Finders Keepers  at face value, examines the unexpected intersection of Shannon Whisnant and John Wood’s lives when Whisnant purchases a grill, from a storage auction, in which Wood was using to store his amputated left leg. The conflict arises when Whisnant refuses to return Wood’s leg back to him. Such a description does not lend itself to immediate realization that this is, in fact, a documentary: proving that at times, life can indeed be stranger than fiction. Bryan Carberry and Clay Tweel share directorial credit for bringing the stories of Wood and Whisnant to the silver screen
Barney Fife, Maiden Cop: reporting for duty…This is a story that takes place in a town called Maiden. Of late, Maiden is probably best known as the home of Apple’s iCloud Data Centre. However, something less likely to be known about Maiden is that back in 2007, it was the zany town where Wood and Whisnant duked it out over a disembodied leg. “It’s a funny story!” Wood’s mom, Peg will exclaim during her talking head and she is not wrong. This is a funny story. And Finders Keepers is a funny documentary. But as Peg will go on to say that, albeit funny, this story is “born of tragedy” and she is, again, not wrong. What is praiseworthy here is Carberry and Tweel’s treatment of humour and tragedy. Though this story easily lends itself to ridicule, this documentary is never making fun of these people. There are no dismissive, “Oh, you cray-cray Southerners,” sentiments here. In fact, Carberry and Tweel go to great lengths to humanize Wood and Whisnant. No single person is presented as a unilateral villain or victim. In one talking head, Whisnant’s wife, Lisa, will wistfully recall first meeting Shannon. In another, Peg Wood will confess her ambivalence towards John. And yet, amongst the heavier elements of these men’s lives, there is humour. There is humour in putting a leg in a smoker; and, there is humour in finding a leg in a smoker. There is humour in Southern charm; in the non-diegetic music; in the things that are said onscreen; and even in the world’s reaction to this story. (One of my biggest laughs is from a tagline found in some archival footage of a local news program.) This documentary delivers some truly laugh-out-loud moments; so, if you plan to watch Finders Keepers, it’s probably wisest to drink your accompanying beverage strategically.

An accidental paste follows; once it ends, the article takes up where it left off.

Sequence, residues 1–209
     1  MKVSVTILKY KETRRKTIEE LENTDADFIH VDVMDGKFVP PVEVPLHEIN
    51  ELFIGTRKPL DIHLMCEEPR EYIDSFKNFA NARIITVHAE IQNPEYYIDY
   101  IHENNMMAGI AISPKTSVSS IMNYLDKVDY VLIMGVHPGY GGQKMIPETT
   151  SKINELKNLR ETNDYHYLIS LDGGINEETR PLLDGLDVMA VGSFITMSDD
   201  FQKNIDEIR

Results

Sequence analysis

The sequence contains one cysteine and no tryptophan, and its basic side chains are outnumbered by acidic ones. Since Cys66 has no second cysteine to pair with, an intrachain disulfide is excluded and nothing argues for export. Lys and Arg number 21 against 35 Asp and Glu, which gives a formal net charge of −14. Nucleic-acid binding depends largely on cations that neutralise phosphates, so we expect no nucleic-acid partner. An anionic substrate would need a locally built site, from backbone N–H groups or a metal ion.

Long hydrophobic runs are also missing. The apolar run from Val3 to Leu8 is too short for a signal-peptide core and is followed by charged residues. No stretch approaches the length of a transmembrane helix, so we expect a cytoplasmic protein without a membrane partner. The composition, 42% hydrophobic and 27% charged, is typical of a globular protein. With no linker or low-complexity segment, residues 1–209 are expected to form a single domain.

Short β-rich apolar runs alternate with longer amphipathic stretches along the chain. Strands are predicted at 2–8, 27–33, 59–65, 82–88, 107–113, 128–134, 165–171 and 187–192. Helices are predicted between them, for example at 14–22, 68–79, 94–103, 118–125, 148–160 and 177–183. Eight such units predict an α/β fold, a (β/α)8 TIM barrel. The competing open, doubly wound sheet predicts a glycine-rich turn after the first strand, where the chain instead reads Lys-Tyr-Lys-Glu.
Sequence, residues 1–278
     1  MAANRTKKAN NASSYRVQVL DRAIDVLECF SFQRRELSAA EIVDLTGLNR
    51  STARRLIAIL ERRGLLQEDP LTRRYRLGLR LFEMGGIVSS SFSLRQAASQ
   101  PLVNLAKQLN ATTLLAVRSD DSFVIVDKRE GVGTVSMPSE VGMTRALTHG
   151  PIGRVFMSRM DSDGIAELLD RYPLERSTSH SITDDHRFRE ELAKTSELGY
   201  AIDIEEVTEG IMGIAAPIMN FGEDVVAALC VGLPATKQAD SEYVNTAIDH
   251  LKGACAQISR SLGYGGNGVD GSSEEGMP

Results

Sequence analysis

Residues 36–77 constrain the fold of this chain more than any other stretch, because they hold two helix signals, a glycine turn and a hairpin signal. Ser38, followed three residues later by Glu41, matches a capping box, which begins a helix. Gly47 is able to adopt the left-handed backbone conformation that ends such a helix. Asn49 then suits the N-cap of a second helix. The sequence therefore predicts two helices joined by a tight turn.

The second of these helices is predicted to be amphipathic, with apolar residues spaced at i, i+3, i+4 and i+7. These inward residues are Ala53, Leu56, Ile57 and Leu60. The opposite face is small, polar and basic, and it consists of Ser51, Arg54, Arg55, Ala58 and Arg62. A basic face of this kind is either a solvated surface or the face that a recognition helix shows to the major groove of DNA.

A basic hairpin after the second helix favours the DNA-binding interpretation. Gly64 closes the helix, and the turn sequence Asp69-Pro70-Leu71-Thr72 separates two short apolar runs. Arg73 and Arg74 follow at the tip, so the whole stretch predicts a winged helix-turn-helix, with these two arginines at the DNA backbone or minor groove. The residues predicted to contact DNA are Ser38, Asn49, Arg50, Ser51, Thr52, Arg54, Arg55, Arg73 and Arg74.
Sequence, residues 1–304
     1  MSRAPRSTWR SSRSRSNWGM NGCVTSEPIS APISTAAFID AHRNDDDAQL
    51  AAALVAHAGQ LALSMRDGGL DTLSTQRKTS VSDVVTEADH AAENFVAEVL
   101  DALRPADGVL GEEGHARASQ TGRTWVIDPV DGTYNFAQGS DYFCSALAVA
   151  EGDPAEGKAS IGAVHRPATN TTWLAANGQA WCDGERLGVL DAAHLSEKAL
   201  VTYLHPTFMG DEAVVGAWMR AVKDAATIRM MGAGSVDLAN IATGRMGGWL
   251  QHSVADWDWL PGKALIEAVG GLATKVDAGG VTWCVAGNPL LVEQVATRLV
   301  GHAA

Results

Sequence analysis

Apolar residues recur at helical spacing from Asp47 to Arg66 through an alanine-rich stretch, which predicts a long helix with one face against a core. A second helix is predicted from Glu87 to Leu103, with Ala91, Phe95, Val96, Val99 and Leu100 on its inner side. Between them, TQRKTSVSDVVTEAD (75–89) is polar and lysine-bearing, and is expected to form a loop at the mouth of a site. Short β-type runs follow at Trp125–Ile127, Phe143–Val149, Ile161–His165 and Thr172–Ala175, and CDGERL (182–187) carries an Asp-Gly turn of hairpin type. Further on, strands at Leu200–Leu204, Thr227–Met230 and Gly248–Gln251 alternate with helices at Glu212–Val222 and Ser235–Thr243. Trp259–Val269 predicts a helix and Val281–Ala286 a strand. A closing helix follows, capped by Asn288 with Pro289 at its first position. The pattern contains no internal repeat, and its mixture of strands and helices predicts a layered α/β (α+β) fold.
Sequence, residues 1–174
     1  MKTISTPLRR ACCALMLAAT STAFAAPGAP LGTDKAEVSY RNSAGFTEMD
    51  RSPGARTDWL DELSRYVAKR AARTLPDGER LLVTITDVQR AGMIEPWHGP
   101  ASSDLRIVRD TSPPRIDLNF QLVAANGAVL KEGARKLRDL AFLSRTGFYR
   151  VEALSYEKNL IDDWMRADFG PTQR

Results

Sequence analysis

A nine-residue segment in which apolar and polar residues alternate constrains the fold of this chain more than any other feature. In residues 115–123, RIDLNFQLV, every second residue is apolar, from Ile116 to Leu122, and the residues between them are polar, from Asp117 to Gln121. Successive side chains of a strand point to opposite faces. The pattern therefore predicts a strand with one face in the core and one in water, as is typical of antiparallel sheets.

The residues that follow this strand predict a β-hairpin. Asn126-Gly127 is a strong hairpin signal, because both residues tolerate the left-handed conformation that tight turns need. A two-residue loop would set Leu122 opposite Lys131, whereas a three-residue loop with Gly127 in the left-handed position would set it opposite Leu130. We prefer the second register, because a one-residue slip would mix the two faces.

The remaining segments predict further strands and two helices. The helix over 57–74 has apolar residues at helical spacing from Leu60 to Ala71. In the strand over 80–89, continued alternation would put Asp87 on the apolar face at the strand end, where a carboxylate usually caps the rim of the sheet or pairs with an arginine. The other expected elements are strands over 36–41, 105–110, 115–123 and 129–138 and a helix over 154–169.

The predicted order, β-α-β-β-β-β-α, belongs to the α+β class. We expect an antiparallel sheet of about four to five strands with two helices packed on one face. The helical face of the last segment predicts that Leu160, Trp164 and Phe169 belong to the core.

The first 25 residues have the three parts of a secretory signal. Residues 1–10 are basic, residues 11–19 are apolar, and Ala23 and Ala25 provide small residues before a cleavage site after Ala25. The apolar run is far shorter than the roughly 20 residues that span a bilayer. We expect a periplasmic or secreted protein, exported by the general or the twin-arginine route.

These are formal elements. There are many like them, but these are mine… Finders Keepers features such a great story filled with such memorable characters that it may be easy to overlook that this is a formally well-made documentary. This is a story that, to anyone not directly involved, would seem like it is the inconsequential stuff of newsroom floor ephemera. Yet, Carberry and Tweel are able to adeptly bring this story back to life through the thoughtful use of film form. Talking heads and interviews, archival footage, (simple) animation and re-enactments are all used. However, what is most exciting is how the filmmakers create dynamism by paying attention to the juxtaposition of images and sounds. For instance, at one point, Wood muses about soul-mates: reasoning that if they exist, then there must also be personal antichrists (alluding to Whisnant). This piece of sound is paired with a match-cut from a shot of Wood to a shot of Whisnant. It’s an elegant and understated way of establishing the main thread of Finders Keepers: namely, that these men are more similar than they could imagine. In other moments, images will be presented with pieces of music that seem to comment on what is shown. (Carmen No. 2: Habanera is used to great effect.) At another point, a piece of Whisnant’s interview dialogue, which is accusing Wood of being overprivileged, will form a sound bridge into the next shot of Wood sipping pop from a Spongebob Squarepants tumbler (which, as we all know, is the height of swanky bourgeois living). These are but a few noteworthy examples and it’s the filmmakers’ insightful and playful use of formal elements that augment this zany story, taking it from silly to profound.
The void is full of people…There is so much that could be said of Finders Keepers, but to be pragmatic, it suffices to say that this is a thematically rich documentary. Wood and Whisnant are both troubled men. Each is trying to fill a personal void by pursuing a white whale of their own making. It should be no surprise that the famed disembodied leg quickly becomes a smokescreen: an object onto which Wood and Whisnant project their hopes and fears. In examining these men’s stories, Carberry and Tweel dive into the psyche of people with haunted pasts and the result is a complex portrait of humanity.